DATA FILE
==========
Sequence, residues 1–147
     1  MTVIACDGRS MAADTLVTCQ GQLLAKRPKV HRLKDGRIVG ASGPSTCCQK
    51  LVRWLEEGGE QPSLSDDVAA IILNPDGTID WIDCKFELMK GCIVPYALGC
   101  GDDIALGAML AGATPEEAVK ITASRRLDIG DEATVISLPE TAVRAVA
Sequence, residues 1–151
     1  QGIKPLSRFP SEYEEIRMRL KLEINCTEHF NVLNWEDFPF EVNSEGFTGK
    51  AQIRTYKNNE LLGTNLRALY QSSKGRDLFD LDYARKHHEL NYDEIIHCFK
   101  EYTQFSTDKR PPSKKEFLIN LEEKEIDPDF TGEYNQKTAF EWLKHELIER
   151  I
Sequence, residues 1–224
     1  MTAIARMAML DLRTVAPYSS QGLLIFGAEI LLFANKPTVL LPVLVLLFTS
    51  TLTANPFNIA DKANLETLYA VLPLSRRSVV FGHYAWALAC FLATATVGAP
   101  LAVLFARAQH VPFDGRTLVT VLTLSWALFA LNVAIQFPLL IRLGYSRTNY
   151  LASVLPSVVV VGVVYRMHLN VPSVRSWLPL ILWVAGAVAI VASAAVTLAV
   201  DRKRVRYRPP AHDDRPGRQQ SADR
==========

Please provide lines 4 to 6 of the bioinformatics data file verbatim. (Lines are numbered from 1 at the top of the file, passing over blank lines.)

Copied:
   101  GDDIALGAML AGATPEEAVK ITASRRLDIG DEATVISLPE TAVRAVA
Sequence, residues 1–151
     1  QGIKPLSRFP SEYEEIRMRL KLEINCTEHF NVLNWEDFPF EVNSEGFTGK